Piano RepairHave you already had the musical part of the piano restored? If not, you are approaching the thing in reverse.

piano tunningWhy do you want to restore the cabinet, only to later be told by a piano tuner to haul it to the dump?

Pianos RebuildingI have seen this happen. As I write, I am waiting for a customer to call whom I know has had the cabinet restored, and the inside works are a rattle trap.

piano serviceI shall have mercy on them and try to get the music back, but it may cost them far more than the beast is worth. Is there serious damage to the cabinet?

tuning servicesIs veneer falling off? Has it had serious water damage in the past?
piano restorationIf the thing is just ugly and black, and the varnish badly checked, don't worry-- it can probably be brought back.

Piano RefinishingBut, if it looks like a trash pile, you are wasting your life to go to all the work to restore the cabinet. You have many many hours of tedious work ahead of you. Start with a piano that has some promise. If it does not qualify, but it is playing pretty good, use it for you or your student, and start shopping for a better piano-- one worthy of restoration. Make sure all the veneer is firmly attached. If the veneer on the ends of the lower bar, which holds the front casters, is damaged, that can be repaired. If veneer has worked loose, but it is all there, I will tell you later how to reattach it.

Pianos RefurbishedIf it is a grand piano, are the lure, desk, and lid in good solid condition, and are they all there? You can tighten and restore them, but if they are broken up, you may have a hard time finding parts. We can usually find something to meet the need, but you should contact us before going on and starting the restoration. Grand lids can have ruptured wood at the hinges. This is very hard to repair. I have never even tried it.

piano salesA grand desk which is falling apart is highly suspect. Can your friend the piano tuner repair the desk for you? Also, check with a tuner to see if the brand of piano you have really has a good reputation. For example, if you first restore a Steinway, Knabe, Boesendorfer, Beckstein, Chickering, or Kurtzmann, these are well known high quality pianos. You should not toss out one of these pianos without making a try at restoration.

wholesale pianoThey may make good practice pianos, but beware of a full restoration until you have a second opinion. I mentioned Winter above. Before they got into trouble financially they made good full sized upright. But, their later grand and consoles were pure trash. One reason to paint a piano is seen in the photo at the right. Why are you restoring the piano? If it is a family heirloom, and you just have to have it back to perfection, that's a good reason. If you got it from a friend, it means very little to you, you have no budding pianist to inherit it, you are in for a let down. Try restoring an oak kitchen table of a hutch. When you are done, you will not have raised the value of this piano to cover the labor you put into it. So, you have decided you want to restore the piano, right?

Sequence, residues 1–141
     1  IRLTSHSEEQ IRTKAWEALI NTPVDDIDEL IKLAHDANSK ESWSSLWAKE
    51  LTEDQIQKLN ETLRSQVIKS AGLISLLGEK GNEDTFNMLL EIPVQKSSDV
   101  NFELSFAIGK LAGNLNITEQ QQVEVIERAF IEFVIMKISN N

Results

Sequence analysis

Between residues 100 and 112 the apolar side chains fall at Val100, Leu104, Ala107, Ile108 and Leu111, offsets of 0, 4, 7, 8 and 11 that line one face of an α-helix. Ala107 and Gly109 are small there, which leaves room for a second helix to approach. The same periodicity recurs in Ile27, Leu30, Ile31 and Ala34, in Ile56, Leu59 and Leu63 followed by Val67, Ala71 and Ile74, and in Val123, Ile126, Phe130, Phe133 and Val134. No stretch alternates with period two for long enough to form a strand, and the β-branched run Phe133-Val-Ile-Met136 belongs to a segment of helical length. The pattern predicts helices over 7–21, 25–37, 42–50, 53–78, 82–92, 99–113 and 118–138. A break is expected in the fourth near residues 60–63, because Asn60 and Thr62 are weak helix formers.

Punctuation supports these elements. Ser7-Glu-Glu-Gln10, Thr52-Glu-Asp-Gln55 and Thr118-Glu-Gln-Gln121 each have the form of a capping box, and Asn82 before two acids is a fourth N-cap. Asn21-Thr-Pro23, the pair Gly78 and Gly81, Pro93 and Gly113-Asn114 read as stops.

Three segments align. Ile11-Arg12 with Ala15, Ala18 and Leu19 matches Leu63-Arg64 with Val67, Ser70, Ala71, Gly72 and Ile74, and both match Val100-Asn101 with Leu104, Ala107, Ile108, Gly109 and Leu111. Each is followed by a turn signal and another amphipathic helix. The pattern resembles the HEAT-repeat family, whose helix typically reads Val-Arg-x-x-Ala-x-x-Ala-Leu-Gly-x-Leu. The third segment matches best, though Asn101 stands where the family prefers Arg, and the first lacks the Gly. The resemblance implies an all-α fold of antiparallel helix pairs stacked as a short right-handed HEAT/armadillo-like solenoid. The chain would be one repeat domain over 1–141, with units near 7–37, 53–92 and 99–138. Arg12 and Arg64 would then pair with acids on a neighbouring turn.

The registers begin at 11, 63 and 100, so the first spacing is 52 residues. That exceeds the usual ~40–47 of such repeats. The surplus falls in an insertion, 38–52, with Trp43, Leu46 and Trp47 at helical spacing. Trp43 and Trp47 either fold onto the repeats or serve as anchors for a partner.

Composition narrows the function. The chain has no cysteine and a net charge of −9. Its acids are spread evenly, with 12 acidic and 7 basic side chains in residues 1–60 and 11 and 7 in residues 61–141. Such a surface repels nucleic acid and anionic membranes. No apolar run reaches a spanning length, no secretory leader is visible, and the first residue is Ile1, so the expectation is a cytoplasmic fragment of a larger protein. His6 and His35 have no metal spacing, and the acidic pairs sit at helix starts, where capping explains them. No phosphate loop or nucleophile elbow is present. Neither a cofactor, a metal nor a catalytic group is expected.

The Process | Our Facility

Michael A. White started his apprenticeship in 1967 while still in high school in Sarasota, Florida. Mike worked with H.E. Laubach for seven years as a bench tech and finisher before he began working in the field. Since the mid 1800’s, the Laubach family had been technicians and manufacturers of pianos. Mr. Laubach’s shop in Sarasota restored pianos, player pianos, and reed organs.

Mike was a service manager for a few large piano dealers in South Carolina, Minnesota, and in Texas. In the early 1980’s he attended the Yamaha School in California and the Steinway Factory School in New York. In 1983, he became staff technician at the world-renowned Round Top Music Festival in Central Texas. Since then, he has been well known as a Concert and Artist’s Technician.

Throughout the 80s and 90s, Michael White had a retail piano tuning business and he was rebuilding large numbers of pianos from his market in the Houston and Corpus Christi/South Texas area. In 2000, he opened a shop near LaGrange, Texas because of its proximity to Houston, Austin, and San Antonio. Also, it’s just a few miles from Round Top. Because of this location, Plum Pianos can conveniently service the rebuilding needs of technicians from all these major markets. Today, about 20% of the instruments in the Plum Pianos shop come from out-of-state.

In addition to running Plum Pianos, Mike has a very large area to which he provides retail tuning and repair service. He also tunes for several symphony orchestras, Young Artist competitions, universities, and music festivals. Michael resides in San Angelo, Texas, with his wife and son.

Mike and his staff really enjoy rebuilding pianos. While most of the pianos they work on are Steinways, Mason & Hamlins, Baldwins, or Knabes, the shop occasionally gets a lesser-known brand. It is the odd Chickering or Weber or Sohmer that adds a new and interesting challenge.

“An old George Steck or Kurtzmann can be a magnificent piano when you put the time and effort into them, but they are not worth as much as a Steinway or Mason & Hamlin when you are finished. On the other hand, the old off-brand piano does not cost as much up front, and you still end up with a great piano.”

Plum Pianos will occasionally rebuild a more obscure brand of piano just for the pleasure of the outcome and to surprise those who may not realize what a rich history that America had in the manufacturing of fine pianos.

© 2007 by Plum Piano Restoration, Inc.